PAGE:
Within our community you will find a full range of activities for all ages and lifestages within a vibrant, modern orthodox framework. This pack highlights just a few of the activities that take place regularly on the Synagogue campus and I am sure that you will find something here for you.
Our synagogue has served the community for over 60 years and has seen many changes both within our membership and beyond. Throughout that time, Hendon United Synagogue has adapted to meet its members needs in a huge variety of ways.
REFLECTIONS BY RABBI MS GINSBURY
Yom Kippur is the only fast in the Jewish calendar that can be observed on Shabbat, as indeed, of course, is the case this year. Almost invariably we are instructed to observe the holy seventh day of rest religiously, not merely as one on which we desist from mundane and creative workday activity. We are also exhorted to enjoy ‘oneg Shabbat’, the ‘honouring’ of the day by partaking of those special items of food and drink which we find appealing, thereby enhancing our positive appreciation, observance and celebration of Shabbat.
How can it then be that when 10th Tishrei (Yom Kippur) falls on Shabbat, we are instructed to fast and observe a day that is normally reserved for oneg (relaxation and enjoyment) as one of solemn repentance and abstinence from such simple pleasures as wearing leather shoes or washing and anointing ourselves with any creams or fragrances?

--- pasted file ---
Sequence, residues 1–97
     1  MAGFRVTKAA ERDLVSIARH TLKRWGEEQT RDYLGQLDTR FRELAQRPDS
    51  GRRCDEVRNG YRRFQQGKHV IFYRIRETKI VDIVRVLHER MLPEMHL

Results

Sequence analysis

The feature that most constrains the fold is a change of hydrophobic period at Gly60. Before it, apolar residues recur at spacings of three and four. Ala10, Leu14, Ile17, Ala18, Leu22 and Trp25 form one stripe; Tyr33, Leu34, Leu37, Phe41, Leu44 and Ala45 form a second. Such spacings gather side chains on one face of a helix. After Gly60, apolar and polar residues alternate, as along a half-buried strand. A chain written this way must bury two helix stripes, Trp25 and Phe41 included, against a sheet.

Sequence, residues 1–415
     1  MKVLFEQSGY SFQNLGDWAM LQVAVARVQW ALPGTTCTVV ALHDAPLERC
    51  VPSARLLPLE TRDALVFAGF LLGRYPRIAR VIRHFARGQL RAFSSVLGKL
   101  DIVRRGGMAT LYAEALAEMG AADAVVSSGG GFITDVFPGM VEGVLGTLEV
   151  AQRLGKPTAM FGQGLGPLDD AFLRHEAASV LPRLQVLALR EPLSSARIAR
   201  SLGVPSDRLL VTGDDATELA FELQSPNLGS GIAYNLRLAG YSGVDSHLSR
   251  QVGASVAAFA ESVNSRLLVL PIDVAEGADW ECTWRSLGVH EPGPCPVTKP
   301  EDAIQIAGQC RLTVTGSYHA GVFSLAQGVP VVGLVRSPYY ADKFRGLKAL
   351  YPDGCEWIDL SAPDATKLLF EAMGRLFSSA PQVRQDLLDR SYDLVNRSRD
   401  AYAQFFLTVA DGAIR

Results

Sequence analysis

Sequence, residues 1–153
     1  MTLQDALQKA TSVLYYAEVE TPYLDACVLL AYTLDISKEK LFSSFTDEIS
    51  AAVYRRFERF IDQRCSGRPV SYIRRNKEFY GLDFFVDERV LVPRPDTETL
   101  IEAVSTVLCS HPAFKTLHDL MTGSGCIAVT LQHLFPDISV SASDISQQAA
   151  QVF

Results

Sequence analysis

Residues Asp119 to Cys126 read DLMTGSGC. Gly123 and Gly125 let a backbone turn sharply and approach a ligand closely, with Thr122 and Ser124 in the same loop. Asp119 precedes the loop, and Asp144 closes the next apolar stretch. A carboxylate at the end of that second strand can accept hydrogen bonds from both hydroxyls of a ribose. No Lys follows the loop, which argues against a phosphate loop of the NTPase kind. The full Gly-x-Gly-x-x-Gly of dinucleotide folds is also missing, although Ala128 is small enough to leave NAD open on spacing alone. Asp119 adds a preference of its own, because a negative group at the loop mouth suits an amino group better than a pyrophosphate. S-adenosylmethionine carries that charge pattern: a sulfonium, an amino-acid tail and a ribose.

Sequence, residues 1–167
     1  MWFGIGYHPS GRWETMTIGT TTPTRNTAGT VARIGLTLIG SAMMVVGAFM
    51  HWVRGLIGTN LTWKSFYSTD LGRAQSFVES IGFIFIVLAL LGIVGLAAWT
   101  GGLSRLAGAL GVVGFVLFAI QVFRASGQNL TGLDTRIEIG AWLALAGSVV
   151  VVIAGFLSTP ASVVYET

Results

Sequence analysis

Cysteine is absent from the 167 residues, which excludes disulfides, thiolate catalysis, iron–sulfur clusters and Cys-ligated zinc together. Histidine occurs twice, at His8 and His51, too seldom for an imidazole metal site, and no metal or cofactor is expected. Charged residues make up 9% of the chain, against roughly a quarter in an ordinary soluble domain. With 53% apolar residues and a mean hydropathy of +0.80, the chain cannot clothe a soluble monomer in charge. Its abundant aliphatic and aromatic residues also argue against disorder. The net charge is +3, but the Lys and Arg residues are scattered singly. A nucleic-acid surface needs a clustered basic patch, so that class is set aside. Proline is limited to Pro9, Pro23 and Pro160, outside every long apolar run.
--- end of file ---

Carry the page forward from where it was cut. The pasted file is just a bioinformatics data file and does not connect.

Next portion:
This problem is evident in a difference of opinion as to whether or not to insert the phrase ‘r’tzei b’imnuchateinu’ (‘find favour in our rest’), which appears in all our regular Shabbat Amidot, into our Yom Kippur-falling-on-Shabbat Amidot. The Mattei Ephraim says we should not do so as on a fast day it is incongruous to say that there is ‘favour’ to be found in our rest. However, the Bigdei Yesha argues that the menucha of Shabbat/Yom Kippur lies in our faithful anticipation of G-d forgiving all our sins. In practice, we seem to follow this latter opinion and thus, even when fasting on Shabbat/Yom Kippur, we can be said to be enjoying the incomparable Shabbat blessings of enjoyment and rest, through the process of Teshuva and being cleansed of previous misdeeds!View previous parshiot
Rabbi Mordechai and Judy Ginsbury joined Hendon United Synagogue in February 1999. Prior to this they had spent nearly 14 years as Rabbi and Rebbetzen of the Prestwich Hebrew Congregation in Manchester.
During their tenure with us they have endeared themselves to the Community with their warm, intelligent and welcoming approach and have enhanced and furthered Hendon’s reputation as a dynamic and vibrant Kehilla.